5. Local Snacks: Look no further than the streets for the greatest variety of snack items. From momos to samosas to baklava, local food vendors are often cooking up interesting snack foods right under you nose. Walk slowly, browse the offerings and buy bravely.

What are your favorite travel snacks? Tell us about them in the comments below! (Can’t see the comments? Click here to link to the full story: The Traveling Snacker’s Guide to Long Bus Rides)

15

10 2012

Hop-On, Hop-Off, Hop Into Madrid

Sunsets at El Arco de la Victoria in Madrid. Photo by Author.

It was 2 months into my stay in Madrid when I first realized I had spent way too much of my time underground.

The metro had whizzed me to Sol, Argüelles, Plaza de España, Tribunal and La Latina so effortlessly that I hardly realized I had no idea where I was, really. And what was more, the feeling of comfort had begun to set in as it does when the novelty of a thing wears off, and my desire to move on to a new city had started to burn. I felt like I had done most of the things I wanted to when I first arrived in Madrid, but I decided I shouldn’t leave the city without taking advantage of my super cool job with Gray Line… So I hopped on a Gray Line bus for a day-long tour of the city I thought I knew.

Rather than utilizing the hop off feature of the tour to revisit places I had been inside more than a few times, I instead took a front row seat, plugged in my headphones, traded off between two of the 14 language options, and spent the day watching Madrid sprawl out before me.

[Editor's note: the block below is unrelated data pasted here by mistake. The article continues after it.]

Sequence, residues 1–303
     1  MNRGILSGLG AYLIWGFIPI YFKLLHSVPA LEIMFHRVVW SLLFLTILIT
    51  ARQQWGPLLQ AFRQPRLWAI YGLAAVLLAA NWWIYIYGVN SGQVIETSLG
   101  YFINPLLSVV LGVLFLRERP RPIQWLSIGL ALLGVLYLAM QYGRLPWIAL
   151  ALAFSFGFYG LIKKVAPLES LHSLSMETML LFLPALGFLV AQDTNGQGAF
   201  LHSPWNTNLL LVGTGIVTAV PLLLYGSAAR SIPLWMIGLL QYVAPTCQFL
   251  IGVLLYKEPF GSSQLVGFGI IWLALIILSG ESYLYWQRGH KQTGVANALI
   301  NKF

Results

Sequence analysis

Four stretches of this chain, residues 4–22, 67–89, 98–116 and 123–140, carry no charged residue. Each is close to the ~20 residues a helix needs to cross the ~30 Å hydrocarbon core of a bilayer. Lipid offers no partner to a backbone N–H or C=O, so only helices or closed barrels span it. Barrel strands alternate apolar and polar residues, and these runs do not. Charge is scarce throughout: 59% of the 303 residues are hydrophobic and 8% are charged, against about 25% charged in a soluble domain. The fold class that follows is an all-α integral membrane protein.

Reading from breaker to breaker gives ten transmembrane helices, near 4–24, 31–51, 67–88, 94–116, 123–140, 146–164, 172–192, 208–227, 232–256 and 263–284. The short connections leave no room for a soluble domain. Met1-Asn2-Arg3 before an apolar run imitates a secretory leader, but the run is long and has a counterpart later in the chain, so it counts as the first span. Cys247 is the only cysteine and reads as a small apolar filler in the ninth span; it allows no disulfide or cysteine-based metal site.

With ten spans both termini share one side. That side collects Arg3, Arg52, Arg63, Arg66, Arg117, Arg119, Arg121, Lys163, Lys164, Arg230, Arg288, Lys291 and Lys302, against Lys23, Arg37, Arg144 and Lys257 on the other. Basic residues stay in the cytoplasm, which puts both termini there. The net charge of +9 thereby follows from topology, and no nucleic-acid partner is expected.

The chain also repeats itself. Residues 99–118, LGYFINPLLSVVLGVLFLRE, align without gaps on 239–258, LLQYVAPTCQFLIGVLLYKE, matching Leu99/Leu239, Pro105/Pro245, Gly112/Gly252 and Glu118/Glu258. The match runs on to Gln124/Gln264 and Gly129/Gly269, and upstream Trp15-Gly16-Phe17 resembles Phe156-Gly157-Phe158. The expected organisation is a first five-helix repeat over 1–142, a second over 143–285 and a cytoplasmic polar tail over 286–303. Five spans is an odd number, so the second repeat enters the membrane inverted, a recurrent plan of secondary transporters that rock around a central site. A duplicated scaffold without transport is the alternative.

Route 1 began on the curb outside El Museo del Prado (a stop on it’s own, housing the works of Goya and Velázquez). The city tour took us along the lively Plaza de Colon and past the walls plastered in political graffitti and other thoughtful street art of the grungy-hip Fuencarral. We breezed along the roads just outside of Plaza de España where theater companies decorated entire buildings with enormous advertisements for upcoming shows. Our bus swirled us down the ritzy Calle de la Princessa, and through the university neighborhood of Argüelles where students sipped coffee at roadside cafes while reading chemistry textbooks. We passed the absolutely enormous El Palacio Real and cruised the wide boulevards of Plaza de Isabel to Calle Mayor. Curving steadily around the city’s many roundabouts and looking up at the should-be-famous buildings lining nearly every street, I watched how neighborhoods evolved into one another, transitioning sometimes smoothly and sometimes abrubtly into new ‘hoods and often entirely new scenes. The tour finally dropped us back at El Prado where I hopped off to start Route 2–a route showing an entirely different sector of the city–without much of a wait at all.